Copy /etc/modprobe.d/blacklist to /etc/modules.d and then run modules-update to regenerate all the module configuration files in /etc. This will prevent udev from automatically loading the module.

Next it's time to install Ndiswrapper, but first before you do that you should fix your /etc/make.profile/make.defaults. Here's what mine looks like:

# Copyright 1999-2007 Gentoo Foundation
# Distributed under the terms of the GNU General Public License v2
# $Header: /var/cvsroot/gentoo-x86/profiles/default-linux/x86/2007.0/desktop/make.defaults,v 1.1 2007/04/13 22:02:31 wolf31o2 Exp $

USE="3dnow a52 aac acpi alsa -arts -berkdb cairo cddb cdr -cups dbus dga dvd \
     dvdr dvdread -eds -esd -emboss -encode esd evo fam fbcon firefox flac \
     -fortran gif gnome gpm gstreamer gtk hal imagemagick -ipv6 java jpeg -kde \
     -kerberos -ldap mad -mikmod mmap mmx mp3 mpeg musepack -nls nsplugin ogg \
     opengl oss pdf png -qt3 -qt3support -qt4 quicktime real sdl speex -spell \
     sse svg svga -tcpd theora threads tiff truetype vcd vidix vorbis wavpack \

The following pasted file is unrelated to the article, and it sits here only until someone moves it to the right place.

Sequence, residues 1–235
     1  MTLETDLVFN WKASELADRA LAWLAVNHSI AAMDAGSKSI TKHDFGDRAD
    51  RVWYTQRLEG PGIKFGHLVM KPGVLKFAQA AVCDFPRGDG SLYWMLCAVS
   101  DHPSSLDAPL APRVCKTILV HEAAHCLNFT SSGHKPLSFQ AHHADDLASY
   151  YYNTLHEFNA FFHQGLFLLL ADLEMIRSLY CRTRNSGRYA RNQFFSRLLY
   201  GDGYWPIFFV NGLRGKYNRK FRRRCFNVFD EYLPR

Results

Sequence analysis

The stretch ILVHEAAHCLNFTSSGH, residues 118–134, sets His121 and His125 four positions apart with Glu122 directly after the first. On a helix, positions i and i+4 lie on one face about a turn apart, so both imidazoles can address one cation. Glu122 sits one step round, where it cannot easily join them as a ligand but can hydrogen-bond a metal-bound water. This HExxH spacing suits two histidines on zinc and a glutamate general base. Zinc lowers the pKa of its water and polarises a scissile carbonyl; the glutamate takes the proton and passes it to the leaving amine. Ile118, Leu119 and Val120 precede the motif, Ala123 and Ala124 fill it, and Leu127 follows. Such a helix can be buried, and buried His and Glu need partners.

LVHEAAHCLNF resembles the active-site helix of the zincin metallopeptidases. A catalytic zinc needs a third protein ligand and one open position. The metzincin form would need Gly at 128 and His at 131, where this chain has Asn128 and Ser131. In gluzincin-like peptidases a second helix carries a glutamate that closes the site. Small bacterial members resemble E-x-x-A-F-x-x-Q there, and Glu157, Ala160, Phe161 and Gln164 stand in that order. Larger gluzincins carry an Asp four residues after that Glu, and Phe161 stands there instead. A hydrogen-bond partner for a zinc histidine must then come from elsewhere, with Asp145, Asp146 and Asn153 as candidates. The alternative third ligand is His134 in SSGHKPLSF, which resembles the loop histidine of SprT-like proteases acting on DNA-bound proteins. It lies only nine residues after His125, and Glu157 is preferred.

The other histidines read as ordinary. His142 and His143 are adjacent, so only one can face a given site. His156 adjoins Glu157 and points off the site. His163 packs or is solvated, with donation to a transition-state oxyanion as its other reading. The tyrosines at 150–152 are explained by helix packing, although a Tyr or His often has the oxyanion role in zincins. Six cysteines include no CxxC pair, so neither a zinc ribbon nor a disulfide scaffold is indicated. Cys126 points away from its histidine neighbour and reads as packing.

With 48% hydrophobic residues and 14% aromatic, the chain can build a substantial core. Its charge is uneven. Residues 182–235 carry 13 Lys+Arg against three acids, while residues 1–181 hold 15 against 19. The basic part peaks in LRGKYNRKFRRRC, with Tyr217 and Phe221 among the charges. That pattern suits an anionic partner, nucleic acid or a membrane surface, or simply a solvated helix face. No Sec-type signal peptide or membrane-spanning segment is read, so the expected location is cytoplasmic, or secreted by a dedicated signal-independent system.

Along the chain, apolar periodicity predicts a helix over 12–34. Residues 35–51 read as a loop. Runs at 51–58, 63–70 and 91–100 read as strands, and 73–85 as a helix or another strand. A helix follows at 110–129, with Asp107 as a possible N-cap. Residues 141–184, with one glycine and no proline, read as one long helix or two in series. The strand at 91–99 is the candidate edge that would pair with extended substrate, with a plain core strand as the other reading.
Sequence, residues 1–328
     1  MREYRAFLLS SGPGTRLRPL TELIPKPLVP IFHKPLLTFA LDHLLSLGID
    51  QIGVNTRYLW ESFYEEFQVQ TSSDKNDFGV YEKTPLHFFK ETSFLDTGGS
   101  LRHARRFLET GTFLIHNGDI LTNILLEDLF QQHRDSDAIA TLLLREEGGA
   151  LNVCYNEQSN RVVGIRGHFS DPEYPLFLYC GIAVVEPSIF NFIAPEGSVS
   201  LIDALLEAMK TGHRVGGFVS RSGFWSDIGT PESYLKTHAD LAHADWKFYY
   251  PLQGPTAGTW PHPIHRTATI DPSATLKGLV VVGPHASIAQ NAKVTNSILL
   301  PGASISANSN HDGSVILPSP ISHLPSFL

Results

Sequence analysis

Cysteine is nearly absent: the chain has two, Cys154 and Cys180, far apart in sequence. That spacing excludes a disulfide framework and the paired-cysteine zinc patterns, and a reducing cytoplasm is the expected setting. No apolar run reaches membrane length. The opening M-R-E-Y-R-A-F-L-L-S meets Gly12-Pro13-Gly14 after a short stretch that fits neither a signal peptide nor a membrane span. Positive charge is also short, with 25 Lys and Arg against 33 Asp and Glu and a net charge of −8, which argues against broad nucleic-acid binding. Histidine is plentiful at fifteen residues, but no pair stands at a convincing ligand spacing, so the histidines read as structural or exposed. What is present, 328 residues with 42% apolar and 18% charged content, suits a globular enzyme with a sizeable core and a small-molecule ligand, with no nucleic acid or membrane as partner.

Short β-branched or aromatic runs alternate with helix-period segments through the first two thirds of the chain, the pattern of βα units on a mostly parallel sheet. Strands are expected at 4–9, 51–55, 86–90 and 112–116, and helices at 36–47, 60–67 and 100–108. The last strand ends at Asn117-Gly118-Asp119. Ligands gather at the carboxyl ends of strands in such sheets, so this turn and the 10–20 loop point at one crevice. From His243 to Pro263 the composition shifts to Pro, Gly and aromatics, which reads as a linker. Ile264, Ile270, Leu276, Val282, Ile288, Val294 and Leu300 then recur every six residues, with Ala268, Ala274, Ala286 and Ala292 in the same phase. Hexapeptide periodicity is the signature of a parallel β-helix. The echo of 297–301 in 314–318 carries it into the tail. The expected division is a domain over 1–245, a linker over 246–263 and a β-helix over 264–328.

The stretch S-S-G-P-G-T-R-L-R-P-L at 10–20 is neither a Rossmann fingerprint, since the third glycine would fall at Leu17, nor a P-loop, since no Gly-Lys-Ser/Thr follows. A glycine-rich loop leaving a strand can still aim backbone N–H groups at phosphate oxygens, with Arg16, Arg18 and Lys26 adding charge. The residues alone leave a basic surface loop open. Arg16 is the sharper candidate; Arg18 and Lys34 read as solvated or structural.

wifi win32codecs unicode wmf X xcb xinerama xml xv xvid xvmc"


INPUT_DEVICES="keyboard synaptics"
Note that as you are emerging packages the system may try to install gcc-3.3.6 in order to fill dependencies. This is a problem as that particular package may fail to compile. The workaround is to emerge libstdc++-v3 instead.


Once you've tweaked your make.defaults to your liking do an emerge ndiswrapper. Then download the latest drivers from Dell; the .exe file is a self-extracting archive that can be expanded via unzip. After expanding cd to the DRIVERS subdirectory and do a ndiswrapper -i bcmwl5.inf to install the driver. modprobe ndiswrapper to load the module (loading it will create eth1) and then configure via iwconfig per usual.